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As overseas sourcing arrangements become more and more common, it may be time to look again at the advantages of having suppliers closer to home.
Contract manufacturing of clinical test materials (CTMs) and preclinical active pharmaceutical ingredients (APIs) is becoming a global business. More supply options mean better pricing, but they often come with increased potential for late-delivery and quality issues. For biotech companies, where funding is often limited and is tied to achievement of milestones, these added risk factors need very careful consideration.
Time is a critical factor during the drug development process. Drug development timelines are often based on cash balance, burn rates, and the next milestone that will bring another influx of investment money. It often seems that the timeline is worked backwards. A date is determined for filing an investigational new drug (IND) application, and then developers calculate the time needed to conduct the required preclinical biology studies and to develop and prepare the Phase I clinical formulation. Whatever is left is the time available for further investigation into the chemical optimization of the molecule and the process development and scale-up activities needed to obtain sufficient quantity of material to conduct the biology and formulation work.
API delivery is often on the critical path of the drug-development timeline. Late API delivery can result in missing an important milestone, such as an IND filing date, which can have significant negative financial consequences. Risk associated with time delays can be minimized by using an experienced and easily accessible contract research organization (CRO) to supply API during the time-critical development phase. Easy access often correlates with proximity. For US companies, ease of access can be achieved by using a domestic CRO versus an offshore supplier. Among the benefits of proximity are the ability to communicate by voice or Internet during the same business day, and the ability to easily make on-site visits.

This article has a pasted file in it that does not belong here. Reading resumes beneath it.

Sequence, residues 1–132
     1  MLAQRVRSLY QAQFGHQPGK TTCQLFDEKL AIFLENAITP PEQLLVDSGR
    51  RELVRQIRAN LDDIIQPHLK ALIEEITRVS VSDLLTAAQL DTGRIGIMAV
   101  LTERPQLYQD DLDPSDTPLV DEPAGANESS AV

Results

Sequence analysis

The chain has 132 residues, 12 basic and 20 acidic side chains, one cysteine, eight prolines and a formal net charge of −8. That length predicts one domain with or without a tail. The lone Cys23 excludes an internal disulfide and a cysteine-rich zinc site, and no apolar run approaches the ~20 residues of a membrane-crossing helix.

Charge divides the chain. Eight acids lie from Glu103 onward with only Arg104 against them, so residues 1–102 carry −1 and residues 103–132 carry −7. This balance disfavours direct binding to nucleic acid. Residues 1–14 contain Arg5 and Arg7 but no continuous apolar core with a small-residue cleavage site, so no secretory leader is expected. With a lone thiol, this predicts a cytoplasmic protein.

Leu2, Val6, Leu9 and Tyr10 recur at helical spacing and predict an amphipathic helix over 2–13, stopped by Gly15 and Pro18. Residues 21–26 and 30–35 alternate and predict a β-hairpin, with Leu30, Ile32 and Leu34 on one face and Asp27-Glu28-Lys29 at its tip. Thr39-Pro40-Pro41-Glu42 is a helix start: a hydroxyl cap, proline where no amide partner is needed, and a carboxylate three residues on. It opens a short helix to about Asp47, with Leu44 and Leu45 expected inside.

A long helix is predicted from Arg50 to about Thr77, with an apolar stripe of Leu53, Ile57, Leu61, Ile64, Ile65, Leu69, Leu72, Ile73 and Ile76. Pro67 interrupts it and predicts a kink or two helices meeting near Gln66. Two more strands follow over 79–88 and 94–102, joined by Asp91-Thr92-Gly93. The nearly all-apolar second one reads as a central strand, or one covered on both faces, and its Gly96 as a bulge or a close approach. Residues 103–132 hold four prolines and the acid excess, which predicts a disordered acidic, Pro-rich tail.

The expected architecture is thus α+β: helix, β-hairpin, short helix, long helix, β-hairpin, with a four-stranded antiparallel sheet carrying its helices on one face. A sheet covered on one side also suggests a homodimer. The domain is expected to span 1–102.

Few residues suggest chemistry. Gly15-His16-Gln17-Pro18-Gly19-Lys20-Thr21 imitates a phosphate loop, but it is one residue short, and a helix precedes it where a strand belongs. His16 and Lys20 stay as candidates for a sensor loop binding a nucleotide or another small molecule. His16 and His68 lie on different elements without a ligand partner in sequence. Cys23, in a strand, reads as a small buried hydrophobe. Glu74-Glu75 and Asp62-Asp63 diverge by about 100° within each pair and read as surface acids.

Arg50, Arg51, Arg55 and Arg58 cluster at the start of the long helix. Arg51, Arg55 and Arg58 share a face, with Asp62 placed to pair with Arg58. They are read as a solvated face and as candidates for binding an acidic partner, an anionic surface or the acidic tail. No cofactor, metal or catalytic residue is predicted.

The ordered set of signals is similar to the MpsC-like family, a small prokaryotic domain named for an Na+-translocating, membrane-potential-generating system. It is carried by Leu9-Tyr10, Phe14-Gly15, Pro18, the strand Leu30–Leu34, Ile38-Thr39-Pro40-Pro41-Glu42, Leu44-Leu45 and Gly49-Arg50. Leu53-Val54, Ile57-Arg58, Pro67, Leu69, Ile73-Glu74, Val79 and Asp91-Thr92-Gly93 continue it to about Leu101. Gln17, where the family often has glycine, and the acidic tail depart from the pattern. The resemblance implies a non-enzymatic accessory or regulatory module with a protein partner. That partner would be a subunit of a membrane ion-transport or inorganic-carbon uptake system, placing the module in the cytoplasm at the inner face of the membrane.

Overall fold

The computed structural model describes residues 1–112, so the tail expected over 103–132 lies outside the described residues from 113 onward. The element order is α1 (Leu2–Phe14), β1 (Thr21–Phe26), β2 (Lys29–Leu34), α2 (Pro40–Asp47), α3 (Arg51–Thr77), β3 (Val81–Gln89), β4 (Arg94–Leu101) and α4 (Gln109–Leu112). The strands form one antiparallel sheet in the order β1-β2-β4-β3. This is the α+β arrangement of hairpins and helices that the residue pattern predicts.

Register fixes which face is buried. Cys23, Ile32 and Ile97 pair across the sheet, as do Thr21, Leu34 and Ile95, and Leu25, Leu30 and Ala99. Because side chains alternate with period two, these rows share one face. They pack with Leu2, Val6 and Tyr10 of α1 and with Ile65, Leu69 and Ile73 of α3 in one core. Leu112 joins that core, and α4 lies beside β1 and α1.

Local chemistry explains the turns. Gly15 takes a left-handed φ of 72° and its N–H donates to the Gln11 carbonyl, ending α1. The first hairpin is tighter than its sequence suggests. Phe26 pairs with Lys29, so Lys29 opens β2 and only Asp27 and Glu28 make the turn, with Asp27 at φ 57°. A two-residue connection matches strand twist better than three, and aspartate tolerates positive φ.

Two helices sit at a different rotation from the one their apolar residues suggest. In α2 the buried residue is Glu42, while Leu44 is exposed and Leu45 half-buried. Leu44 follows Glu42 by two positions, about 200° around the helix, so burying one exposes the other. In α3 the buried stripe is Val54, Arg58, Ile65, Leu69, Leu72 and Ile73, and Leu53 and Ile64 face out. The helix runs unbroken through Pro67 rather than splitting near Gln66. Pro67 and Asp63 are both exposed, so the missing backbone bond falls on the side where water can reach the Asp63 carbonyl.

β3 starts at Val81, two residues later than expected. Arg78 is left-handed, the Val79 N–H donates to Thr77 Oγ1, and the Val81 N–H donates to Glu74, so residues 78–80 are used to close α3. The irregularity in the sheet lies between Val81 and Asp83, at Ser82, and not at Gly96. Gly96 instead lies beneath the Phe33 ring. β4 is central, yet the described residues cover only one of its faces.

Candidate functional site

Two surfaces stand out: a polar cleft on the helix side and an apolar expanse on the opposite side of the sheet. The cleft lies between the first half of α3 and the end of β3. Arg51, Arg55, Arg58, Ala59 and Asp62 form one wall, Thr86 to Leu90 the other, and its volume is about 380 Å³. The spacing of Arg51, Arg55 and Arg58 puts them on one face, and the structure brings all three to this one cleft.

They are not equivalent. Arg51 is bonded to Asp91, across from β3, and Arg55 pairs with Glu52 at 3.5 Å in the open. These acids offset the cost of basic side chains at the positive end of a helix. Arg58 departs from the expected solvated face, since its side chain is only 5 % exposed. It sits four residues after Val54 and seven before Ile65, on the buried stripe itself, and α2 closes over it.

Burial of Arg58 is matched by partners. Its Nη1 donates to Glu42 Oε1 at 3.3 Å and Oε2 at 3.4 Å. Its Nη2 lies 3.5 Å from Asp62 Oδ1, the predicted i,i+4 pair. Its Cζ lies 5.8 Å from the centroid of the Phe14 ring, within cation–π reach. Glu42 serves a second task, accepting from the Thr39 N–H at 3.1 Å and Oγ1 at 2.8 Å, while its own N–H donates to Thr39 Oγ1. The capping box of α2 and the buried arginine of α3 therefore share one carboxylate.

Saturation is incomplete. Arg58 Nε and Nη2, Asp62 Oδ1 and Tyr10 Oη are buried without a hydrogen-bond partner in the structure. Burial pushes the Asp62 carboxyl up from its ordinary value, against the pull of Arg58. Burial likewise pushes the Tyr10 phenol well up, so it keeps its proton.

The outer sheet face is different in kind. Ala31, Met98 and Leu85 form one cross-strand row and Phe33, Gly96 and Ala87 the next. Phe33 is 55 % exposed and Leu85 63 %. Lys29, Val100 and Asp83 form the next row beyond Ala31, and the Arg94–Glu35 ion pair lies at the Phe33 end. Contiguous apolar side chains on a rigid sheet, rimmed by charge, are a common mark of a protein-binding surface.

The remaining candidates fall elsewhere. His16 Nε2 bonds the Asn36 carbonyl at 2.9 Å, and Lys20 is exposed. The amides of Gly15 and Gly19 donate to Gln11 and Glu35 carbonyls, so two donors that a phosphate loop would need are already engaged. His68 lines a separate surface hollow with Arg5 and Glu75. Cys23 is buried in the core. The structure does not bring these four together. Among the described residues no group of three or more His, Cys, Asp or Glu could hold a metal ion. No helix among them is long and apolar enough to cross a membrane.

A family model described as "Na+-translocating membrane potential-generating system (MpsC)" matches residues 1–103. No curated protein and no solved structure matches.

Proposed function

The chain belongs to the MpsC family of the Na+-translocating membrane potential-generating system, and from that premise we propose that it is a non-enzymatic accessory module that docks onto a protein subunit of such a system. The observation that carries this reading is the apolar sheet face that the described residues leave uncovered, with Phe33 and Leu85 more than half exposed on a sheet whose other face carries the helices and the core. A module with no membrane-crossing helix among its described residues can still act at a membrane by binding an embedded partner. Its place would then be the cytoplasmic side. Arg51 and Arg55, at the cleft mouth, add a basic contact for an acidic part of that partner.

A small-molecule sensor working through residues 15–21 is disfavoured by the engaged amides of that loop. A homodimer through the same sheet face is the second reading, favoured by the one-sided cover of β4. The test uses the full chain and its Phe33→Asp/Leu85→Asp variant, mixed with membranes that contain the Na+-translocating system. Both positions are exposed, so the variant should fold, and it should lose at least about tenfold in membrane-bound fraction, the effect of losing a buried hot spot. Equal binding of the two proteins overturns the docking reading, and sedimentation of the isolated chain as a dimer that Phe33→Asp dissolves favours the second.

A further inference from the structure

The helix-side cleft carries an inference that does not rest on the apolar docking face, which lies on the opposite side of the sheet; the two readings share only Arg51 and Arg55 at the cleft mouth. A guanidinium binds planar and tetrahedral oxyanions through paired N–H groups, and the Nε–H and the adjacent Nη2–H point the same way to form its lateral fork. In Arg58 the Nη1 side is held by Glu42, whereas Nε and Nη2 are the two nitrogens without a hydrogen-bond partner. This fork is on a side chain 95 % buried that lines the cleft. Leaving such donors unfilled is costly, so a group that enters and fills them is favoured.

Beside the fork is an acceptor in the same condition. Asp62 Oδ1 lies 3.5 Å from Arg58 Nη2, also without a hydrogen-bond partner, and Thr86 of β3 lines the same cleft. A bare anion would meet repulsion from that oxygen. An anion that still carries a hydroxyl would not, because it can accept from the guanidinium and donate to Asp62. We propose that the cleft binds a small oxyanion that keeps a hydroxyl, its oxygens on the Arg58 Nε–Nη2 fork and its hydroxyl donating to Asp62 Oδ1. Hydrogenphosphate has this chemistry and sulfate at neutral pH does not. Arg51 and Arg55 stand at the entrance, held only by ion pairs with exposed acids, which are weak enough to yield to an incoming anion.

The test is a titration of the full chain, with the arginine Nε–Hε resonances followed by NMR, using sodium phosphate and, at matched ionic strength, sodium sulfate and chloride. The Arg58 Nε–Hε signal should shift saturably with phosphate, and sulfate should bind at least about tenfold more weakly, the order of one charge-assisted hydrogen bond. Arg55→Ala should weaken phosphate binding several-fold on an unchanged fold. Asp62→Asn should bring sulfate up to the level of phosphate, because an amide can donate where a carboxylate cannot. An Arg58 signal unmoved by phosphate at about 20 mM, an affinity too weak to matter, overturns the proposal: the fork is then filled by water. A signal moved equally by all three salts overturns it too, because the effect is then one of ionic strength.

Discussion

Communication is vital to the success of a development project. The development phase is characterized by rapid technology development and change—the lead compound changes, the chemical route changes, the raw materials change, the specifications change, the impurities change—but the overall milestone (the IND filing date) and the required delivery date for the API seldom change to accommodate the problems encountered. A CRO must be able to assimilate these changes while keeping the API delivery on track. The contracting biotech or virtual company must make sure that the CRO being considered for the API scale-up or production project is up to the challenge. There is only one way to ensure this—visit the facility and meet the project team.
Site visits to potential CROs allow assessment of capabilities, staff expertise and experience, and quality systems. The CRO's culture is a critically important item that is often overlooked or undervalued. Supplying API during the development phase is a service, not a product. The CRO is making a commitment to provide the required quantity of in-specification API at a defined time in the future using a developmental process. The time commitment made by the CRO is factored into the overall drug development plan. The overall timeline attracts much attention from all levels within a company and from their financial sources. Stress and nervousness often surround this timeline: there is rarely much room for error or missed milestones. Cultural compatibility helps to reduce risk by ensuring a sense of ownership and accountability to the overall project goals and timeline.
The benefits of proximity continue after selection of a CRO and project initiation. Consider how a domestic partner can add value to some of the activities typical of an API drug-development project:
The marketplace currently faces shortages in the pharmacology/toxicology capacity and animal supplies required for drug-development studies. These constraints have forced companies to reserve biology CRO capacity 3–6 months in advance. In addition to delaying ultimate approval and revenue, any deficiency in API quantity or quality at this stage can trigger significant penalties as CROs demand compensation for scheduled work that must now be postponed—and essentially paid for twice.
In the end, it is critical to have confidence that the CRO selected for API production during drug development will deliver. There is no better way to gain this confidence than through the personal interactions experienced during a site visit. All of this interaction builds understanding and trust with the CRO and will result in a true collaboration rather than a simple material supplier-buyer relationship.
Paula Lorence is the vice-president of business development and Walt Stalzer is the vice-president of project management at Ricerca Biosciences LLC, 7528 Auburn Road, PO Box 1000 Concord, OH 44077-1000, tel. 888.742.3722, Lorence_P@Ricerca.com